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Local playwright Caitlin Gilman taps into fiction’s increasingly pervasive dystopia trend with her adaptation of “Life Is a Dream,” the Spanish Golden Age play by Pedro Calderón de la Barca. Ghost Light Theatricals is presenting the work at Ballard Underground.

As is the case with many re-imagined classics, the updates here feel almost entirely superfluous. The fact that countries have been transformed into corporations and people wear era-bending clothing doesn’t exactly illuminate Calderón’s themes in new and exciting ways. And Gilman’s added futuristic elements put considerable strain on the production, which is woefully inadequate at recreating high-tech holding cells and opulent executive chambers.

Still, the core of Gilman’s interpretation doesn’t stray too far. The narrative structure is engaging and efficient, staying fairly faithful to the original’s series of events, while changing one often maligned character’s fate to give her some more agency. More importantly, Calderón’s lyrical philosophizing remains intact.

The Poland of the original here becomes, in director Roy Arauz’s staging, Polonia, a corporation with a sort of “Brave New World” caste system, where citizens are assigned specific career paths and segregated into sectors. Segismundo (Robert Hankins) has it the worst, imprisoned alone in a virtual reality, barely aware of the real world until an itinerant young woman, Rosaura (Lindsay Evans), and her companion (Gail Hebert) break into his cell while looking for shelter.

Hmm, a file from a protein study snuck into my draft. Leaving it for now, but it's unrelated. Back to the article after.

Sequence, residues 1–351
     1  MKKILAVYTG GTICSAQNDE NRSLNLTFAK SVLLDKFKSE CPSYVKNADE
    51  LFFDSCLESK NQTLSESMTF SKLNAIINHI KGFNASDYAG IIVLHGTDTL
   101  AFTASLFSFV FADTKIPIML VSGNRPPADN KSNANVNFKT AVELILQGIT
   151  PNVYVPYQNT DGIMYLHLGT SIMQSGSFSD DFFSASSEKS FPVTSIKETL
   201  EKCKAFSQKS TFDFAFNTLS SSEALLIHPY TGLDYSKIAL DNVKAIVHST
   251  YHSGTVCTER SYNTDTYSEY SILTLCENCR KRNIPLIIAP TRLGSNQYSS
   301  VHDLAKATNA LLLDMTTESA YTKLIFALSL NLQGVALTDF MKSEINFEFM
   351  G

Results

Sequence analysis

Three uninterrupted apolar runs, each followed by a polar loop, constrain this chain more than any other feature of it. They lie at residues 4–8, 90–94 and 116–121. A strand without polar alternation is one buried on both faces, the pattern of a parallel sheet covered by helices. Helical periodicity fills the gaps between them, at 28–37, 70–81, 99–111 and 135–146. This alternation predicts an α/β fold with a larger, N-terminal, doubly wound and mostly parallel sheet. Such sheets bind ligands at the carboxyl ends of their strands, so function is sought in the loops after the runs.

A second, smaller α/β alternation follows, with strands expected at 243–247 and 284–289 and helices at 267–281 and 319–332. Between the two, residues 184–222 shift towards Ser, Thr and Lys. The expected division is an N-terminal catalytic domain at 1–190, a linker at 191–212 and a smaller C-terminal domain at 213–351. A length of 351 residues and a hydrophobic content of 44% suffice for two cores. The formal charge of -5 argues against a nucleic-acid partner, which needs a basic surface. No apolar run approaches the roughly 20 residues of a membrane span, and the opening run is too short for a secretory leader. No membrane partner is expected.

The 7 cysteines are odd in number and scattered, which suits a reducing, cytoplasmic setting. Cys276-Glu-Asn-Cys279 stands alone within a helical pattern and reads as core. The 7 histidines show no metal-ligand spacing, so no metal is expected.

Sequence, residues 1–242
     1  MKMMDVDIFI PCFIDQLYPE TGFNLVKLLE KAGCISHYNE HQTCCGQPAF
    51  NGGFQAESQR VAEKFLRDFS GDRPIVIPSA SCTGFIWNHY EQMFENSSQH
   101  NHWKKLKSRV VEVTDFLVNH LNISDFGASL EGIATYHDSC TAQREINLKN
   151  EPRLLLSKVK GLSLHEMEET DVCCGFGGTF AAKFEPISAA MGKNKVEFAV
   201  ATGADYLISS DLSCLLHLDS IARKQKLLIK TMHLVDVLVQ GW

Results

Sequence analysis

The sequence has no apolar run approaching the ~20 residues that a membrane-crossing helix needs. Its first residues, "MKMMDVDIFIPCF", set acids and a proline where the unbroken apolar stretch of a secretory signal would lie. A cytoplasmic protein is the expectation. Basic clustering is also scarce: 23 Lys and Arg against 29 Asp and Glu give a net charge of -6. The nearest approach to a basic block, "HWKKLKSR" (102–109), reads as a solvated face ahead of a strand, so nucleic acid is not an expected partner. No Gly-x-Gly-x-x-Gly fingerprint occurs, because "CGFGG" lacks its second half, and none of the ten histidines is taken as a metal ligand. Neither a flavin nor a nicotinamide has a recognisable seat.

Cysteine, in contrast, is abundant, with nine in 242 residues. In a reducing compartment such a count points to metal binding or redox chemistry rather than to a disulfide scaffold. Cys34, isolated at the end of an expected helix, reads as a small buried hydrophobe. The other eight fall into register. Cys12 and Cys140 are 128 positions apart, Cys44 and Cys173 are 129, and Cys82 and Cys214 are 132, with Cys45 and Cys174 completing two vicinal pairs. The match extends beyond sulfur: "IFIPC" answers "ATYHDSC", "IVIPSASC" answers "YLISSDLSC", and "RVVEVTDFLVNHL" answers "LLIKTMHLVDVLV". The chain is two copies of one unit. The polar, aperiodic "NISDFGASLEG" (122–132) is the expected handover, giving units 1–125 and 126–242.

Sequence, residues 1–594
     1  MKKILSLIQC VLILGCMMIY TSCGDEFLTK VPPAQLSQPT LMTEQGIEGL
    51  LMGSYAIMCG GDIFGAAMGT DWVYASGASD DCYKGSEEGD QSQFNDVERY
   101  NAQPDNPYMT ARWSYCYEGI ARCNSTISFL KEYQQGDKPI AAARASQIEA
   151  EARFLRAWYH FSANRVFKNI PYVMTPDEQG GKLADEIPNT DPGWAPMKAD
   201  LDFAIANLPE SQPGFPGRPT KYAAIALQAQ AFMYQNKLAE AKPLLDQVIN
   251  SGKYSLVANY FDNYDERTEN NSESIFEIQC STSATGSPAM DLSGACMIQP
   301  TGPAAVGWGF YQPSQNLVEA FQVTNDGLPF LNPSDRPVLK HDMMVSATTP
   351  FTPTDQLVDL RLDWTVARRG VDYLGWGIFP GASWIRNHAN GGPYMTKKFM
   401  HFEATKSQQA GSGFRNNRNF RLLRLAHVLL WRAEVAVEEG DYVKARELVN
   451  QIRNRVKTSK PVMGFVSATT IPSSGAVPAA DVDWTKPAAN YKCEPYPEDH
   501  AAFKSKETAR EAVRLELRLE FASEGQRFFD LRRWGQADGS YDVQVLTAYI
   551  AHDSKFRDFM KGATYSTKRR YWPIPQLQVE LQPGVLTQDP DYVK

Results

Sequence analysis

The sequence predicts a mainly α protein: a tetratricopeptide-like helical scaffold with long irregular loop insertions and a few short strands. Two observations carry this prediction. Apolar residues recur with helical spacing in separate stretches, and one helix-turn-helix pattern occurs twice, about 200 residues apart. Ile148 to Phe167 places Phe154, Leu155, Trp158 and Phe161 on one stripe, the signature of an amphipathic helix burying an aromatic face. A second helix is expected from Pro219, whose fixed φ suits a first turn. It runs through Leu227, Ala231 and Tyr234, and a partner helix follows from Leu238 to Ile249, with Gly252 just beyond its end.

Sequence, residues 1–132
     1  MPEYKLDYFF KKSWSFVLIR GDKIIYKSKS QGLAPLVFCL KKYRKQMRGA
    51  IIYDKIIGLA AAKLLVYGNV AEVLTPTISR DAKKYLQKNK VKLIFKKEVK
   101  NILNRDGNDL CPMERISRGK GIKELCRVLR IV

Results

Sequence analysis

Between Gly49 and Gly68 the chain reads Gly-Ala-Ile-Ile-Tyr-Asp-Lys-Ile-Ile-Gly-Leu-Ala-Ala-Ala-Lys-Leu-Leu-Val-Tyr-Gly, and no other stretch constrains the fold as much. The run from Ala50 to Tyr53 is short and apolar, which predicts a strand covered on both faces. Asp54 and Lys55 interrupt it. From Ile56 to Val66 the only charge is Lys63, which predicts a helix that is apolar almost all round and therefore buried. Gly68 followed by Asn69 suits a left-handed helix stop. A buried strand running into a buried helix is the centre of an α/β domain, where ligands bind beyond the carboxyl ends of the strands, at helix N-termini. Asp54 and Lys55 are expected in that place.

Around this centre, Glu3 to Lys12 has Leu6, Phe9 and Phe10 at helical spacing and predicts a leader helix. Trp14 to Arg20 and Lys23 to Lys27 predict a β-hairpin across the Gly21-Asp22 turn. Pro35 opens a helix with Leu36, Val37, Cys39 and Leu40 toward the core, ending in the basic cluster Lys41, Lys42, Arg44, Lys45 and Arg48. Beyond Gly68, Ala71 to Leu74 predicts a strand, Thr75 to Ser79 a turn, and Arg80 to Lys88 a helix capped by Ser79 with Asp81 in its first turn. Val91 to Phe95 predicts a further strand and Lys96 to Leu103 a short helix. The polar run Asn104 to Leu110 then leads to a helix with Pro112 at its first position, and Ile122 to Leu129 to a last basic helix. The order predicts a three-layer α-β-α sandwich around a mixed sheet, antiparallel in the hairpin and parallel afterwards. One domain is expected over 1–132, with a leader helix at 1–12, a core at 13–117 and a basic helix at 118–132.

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Segismundo is no ordinary prisoner; he’s the son of Basilio (David Klein), the head of Polonia. A prophecy foretold of Segismundo’s potential for great destruction, but a retiring Basilio feels he ought to take a risk on his true heir, much to the disappointment of Estrella (Kelly Johnson) and Astolfo (Gabriel Sedgemore), rival executives jockeying for the head position.

In a production stocked with an enthusiastic but inconsistent cast, the presence of the veteran Klein is an enormous asset. His authoritative but thoughtful Basilio is the kind of polished performance that elevates the work of every other actor fortunate to be in its orbit.

The revenge plotting, hidden identities and political intrigue of “Life Is a Dream” make it narratively irresistible, but its existential ponderings are what make it a classic. Hankins isn’t the most convincing as a suddenly bloodthirsty, capricious Segismundo, but his rendition of the character’s vexed, contemplative soliloquy on the nature of reality and dreams is an admirable version of the play’s signature moment.

Dusty Somers:

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